example, in case of medical emergencies (heart attack, epilepsy or
diabetes), or for identification and location purposes (for people in
high risk occupations, children, stalkers or suspected terrorists).
Enhancement or commodity devices
Computer scientists have predicted that within the next twenty years
neural interfaces will be designed that will not only increase the
dynamic range of senses, but will also enhance memory and enable
"cyber think" -- invisible communication with others.
Possible devices include:
-- Prosthetic cortical implant (intelligence or sensory "amplifiers"):
initially developed for the blind, the cortical implant will allow
"healthy" people permanent access to information from a computer based
either on what a digital camera sees or based on an artificial
-- Artificial Vision: according to recent research undertaken to
develop an artificial retina, it will be possible, one day, to see
light in the infrared. In this case, instead of using a standard video
camera, an infrared camera could be used.
-- Audio tooth implant or tooth phone: designed in 2002, the Audio
tooth implant, still only exists in concept form. A micro-vibration
device and a wireless low frequency receiver are implanted in the
tooth during routine dental surgery. The tooth communicates with an
array of digital devices, such as mobile telephones, radio and
computers. Sound information is transferred from the tooth into the
inner ear by bone transduction. Sound reception is totally discreet
enabling information to be received anywhere at anytime.
-- Artificial hippocampus: as mentioned above, this implantable brain
chip could enhance memory.
3.2. Other Potential Uses
Other potential uses of implantable ICT devices include:
-- Microsoft patent number 6,754,472 (June 22, 2004) concerns the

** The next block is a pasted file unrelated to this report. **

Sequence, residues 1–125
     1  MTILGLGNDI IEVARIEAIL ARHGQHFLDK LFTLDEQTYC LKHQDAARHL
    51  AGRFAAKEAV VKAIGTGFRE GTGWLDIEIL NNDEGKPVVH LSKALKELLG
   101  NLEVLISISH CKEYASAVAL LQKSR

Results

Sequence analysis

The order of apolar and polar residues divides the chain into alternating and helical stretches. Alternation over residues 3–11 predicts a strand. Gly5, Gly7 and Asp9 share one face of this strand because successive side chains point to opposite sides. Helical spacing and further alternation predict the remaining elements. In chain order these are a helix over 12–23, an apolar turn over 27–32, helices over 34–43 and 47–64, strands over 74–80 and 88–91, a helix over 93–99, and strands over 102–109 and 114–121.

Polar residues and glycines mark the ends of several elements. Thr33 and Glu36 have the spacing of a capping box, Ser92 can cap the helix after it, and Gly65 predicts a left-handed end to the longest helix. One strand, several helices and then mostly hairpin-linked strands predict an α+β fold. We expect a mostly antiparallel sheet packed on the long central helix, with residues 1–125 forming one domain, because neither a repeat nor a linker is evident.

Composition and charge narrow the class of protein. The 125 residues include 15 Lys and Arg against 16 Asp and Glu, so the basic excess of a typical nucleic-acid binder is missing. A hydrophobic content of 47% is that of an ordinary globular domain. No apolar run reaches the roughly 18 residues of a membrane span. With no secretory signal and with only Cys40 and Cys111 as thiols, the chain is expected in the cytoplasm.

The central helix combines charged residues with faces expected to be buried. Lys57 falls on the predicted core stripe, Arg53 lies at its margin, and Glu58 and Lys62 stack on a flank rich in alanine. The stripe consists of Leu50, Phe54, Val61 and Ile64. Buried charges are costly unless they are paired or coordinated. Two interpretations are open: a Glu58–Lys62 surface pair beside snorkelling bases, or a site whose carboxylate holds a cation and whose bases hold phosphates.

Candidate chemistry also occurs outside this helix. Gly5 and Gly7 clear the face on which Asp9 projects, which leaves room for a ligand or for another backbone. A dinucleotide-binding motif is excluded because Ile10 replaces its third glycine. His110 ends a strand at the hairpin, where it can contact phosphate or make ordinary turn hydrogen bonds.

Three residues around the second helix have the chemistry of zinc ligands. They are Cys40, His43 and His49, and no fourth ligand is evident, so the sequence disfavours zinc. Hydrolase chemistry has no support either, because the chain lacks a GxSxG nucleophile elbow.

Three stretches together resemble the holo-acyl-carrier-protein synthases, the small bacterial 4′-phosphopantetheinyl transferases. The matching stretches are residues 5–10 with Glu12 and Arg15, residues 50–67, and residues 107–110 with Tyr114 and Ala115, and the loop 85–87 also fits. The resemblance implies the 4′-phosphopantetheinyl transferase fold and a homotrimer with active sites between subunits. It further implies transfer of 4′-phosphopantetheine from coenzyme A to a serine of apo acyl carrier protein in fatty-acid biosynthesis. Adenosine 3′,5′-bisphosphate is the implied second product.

human body as a medium for transmission of data (and energy) to "other
devices" like PDAs (Personal Digital Assistant), cellular phones,
medical devices (for surveillance purposes: like for instance in
retired people's homes), RFID making possible to localize other
persons. In a family website your children could log onto the
surveillance system and look at what their parents or grandparents are
doing. The patent does not describe any specific device.
-- "Smart guns": Applied Digital Solutions (ADS), which created the
VeriChip(TM), announced in April 2004 a partnership with gun
manufactures FN Manufacturing to produce so-called "smart guns". Such
weapons can be fired only if operated by their owner with a RFID-chip
implanted in his or her hand.
3.3. The 6th Research and Development Framework Programme (FP6)
"The objectives of the Information Society Technologies (IST) theme
within FP6 are to ensure European leadership in generic and applied
technologies at the heart of the knowledge economy. It aims to
increase innovation and competitiveness in European businesses and
industry and to contribute to greater benefits for all European
citizens. The focus of IST in FP6 is on the future generation of
technologies in which computers and networks will be integrated into
the everyday environment, rendering accessible a multitude of services
and applications through easy-to-use human interfaces. This vision of
"ambient intelligence" places the user at the centre of future
developments for an inclusive knowledge- based society for all".
Examples of Projects funded by the FP6
Nano scale materials and sensors and Microsystems for medical implants
improving health and quality of life
In this project key micro system technologies and communication
methods will be developed that bring intelligence directly to the
human, in the form of medical implants and ambulatory measurement
systems, and also enable information from these devices to be
transmitted out into the wider environment. The overall objective is
to develop the technologies that go to make up a micro system, and
then to produce specific medical devices to exploit these
technologies. The resulting final medical products include cochlear
and retina implants, nerve stimulation, bladder control and pressure
monitoring systems. It is estimated from the available statistics that
around 50% of the western population i.e. around 500 million citizens,
will suffer from at least one of the health problems targeted in this
The OPTIVIP project
The aim of OPTIVIP is the optimization of an implantable visual
prosthesis based on the stimulation of the optic nerve and its
demonstration within a pre-clinical study.
Ethical issues are tackled in this project by specific project tasks
being devoted to obtaining input from the blind community and
especially from patients and their representatives. Various aspects of
the prosthesis, namely functionality, appearance and ethics are
covered. This is essential in order to direct research efforts in
accordance with real needs.